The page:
I grabbed an apple, cut it in half, and removed the center core. I’d learned a lot in home economics classes, but we never had to peel anything at home, so it was kind of fun.
As I started to cut the outer skin off the apple, Granny brought me a glass of milk.
I lifted my eyes in disbelief. “For me?”
“Yes. Do you like milk?”
“It’s my favorite.” How could she know that?
“Want chocolate in it?”
Affected by the sentimentality of the thought, I blinked back the tears burning behind my eyelids. “Do you have any chocolate?”
She stared at me, but I didn’t know why. “Sure.” She paused for a moment. “Heather, you can tell me anything and I’m all ears. I promise I won’t tell anyone.” She brought me a spoon and the chocolate bottle from the refrigerator, setting them both in front of me. “What’s the matter?”
“It’s just been a while since I had chocolate milk. Thank you.” I put a little bit of chocolate into the milk and stirred.
“Oh, girl, you don’t know how to live. You need more.” She grabbed the bottle, opened the top, and squirted a ton of the chocolate into the milk. “Mix that and see if it’s any better.”
I chuckled at her, because she was right. I did need to live a little.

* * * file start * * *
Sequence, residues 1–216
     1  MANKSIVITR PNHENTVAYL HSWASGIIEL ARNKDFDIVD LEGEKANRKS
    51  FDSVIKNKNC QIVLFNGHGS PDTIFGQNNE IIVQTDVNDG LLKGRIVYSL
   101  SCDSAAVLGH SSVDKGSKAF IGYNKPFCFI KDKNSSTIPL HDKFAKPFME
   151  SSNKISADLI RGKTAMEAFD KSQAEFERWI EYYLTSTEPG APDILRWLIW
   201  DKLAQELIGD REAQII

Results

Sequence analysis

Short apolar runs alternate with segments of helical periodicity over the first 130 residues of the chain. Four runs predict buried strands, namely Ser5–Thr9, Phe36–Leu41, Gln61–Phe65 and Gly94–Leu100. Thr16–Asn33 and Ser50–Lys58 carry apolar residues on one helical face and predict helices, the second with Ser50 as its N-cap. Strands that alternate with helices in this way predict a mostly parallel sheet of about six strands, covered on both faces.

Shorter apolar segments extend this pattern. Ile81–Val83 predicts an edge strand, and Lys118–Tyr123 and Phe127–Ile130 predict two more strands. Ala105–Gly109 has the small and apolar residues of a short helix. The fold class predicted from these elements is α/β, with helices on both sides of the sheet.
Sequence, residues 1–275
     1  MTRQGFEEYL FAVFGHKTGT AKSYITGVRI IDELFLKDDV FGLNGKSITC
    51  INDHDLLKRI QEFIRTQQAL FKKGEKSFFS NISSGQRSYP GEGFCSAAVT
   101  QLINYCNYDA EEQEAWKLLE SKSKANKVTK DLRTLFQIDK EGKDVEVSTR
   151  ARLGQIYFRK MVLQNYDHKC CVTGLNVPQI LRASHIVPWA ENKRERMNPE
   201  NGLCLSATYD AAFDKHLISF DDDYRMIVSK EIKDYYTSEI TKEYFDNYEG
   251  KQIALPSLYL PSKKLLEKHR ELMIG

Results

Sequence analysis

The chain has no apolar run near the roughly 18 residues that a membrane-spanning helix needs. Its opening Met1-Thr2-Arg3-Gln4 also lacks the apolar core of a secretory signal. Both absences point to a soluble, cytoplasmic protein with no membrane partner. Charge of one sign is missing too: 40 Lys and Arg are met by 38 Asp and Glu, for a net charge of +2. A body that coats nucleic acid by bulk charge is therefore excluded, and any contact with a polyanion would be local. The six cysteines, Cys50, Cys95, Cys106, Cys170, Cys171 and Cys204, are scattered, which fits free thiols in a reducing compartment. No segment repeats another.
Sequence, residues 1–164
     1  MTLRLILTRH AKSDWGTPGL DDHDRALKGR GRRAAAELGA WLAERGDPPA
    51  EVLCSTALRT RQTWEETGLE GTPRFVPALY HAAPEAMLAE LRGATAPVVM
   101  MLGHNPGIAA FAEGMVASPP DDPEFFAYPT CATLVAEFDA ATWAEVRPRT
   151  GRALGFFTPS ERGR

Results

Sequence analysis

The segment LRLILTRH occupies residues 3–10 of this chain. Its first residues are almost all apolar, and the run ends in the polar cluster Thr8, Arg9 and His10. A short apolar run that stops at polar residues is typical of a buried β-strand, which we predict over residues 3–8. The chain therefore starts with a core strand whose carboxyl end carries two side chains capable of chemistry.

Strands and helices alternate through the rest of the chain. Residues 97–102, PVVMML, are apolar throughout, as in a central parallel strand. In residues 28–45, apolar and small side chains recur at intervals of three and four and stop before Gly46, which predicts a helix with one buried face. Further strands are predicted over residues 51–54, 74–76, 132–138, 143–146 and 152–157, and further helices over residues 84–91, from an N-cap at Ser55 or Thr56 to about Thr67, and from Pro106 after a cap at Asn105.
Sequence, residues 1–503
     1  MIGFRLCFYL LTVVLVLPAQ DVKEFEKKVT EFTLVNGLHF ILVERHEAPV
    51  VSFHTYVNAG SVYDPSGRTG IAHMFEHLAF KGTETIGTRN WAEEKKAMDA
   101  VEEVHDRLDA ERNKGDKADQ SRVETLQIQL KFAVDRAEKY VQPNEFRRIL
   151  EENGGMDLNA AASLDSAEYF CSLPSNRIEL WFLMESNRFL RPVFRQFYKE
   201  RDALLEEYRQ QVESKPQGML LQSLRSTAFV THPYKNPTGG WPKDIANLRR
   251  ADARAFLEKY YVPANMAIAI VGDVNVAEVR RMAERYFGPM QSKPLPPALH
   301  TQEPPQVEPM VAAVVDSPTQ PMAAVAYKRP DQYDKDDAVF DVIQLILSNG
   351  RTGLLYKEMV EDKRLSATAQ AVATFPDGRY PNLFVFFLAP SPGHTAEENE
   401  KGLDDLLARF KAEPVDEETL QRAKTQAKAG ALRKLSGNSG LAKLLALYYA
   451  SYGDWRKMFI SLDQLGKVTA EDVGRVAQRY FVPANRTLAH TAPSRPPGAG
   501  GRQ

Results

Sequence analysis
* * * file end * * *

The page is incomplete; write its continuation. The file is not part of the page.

I stirred it and lifted the glass to my lips, the scent of the chocolate hitting my nose before I could take a sip. I gobbled it down, because in my mind, chocolate milk was the perfect dessert.
“Good?” she asked.
“The best.” I wiped my lips with my hand. “Man, that’s good.”
“Want more?” she asked. “I have maraschino cherries to drop to the bottom, to make it taste more like a sundae. It’s delicious.”
“No. I’m okay.” I didn’t want to be an ungracious guest. But cherries? I bet that would be good. “Thank you so much for that.”
While Granny made idle chatter, I grabbed the knife and peeled a few apples.
“So I got this new job,” she said. “I moved to this place because one of my best friends lives here.”
“But you didn’t move near your family?” I stuffed some of the apple peel into my mouth. I really missed eating apples. These fruits, though, were so sweet, tasting like they’d just been picked off the tree at the ripest of times.
She kept working. “I lived back East near my family for quite a while and it was time to have some fun. I heard the people in this apartment complex have a lot of fun.”
“If you’re old,” I muttered.
She laughed at me, shaking her head. “I can imagine. What’s your school like?”
“It’s not that big, I guess, compared to other schools, but it’s big to me. There are around eight hundred ninth through twelfth grade students in our school.”
“Will I get lost?” she asked, peeling her apple.
I watched what I was doing with the apple while eating the sweet red outer skins. “Naaah. It’s not that bad. Just don’t let on that you know me. They’ll make fun of you if you do.”
“Why is that?”
After sticking another piece into my mouth, I looked up at her, but she was watching her knife as she cut her apple.
“Well, I’m kind of the laughing stock of the school right now,” I said. “But it’s okay.”
She didn’t talk for a moment, her eyes still on her knife. “Why?”
Her eyes lifted. “Why are you the laughing stock?”
I lowered my eyes, peeling again. “You really don’t want to know. It’ll pass…probably by the time I’m a senior.”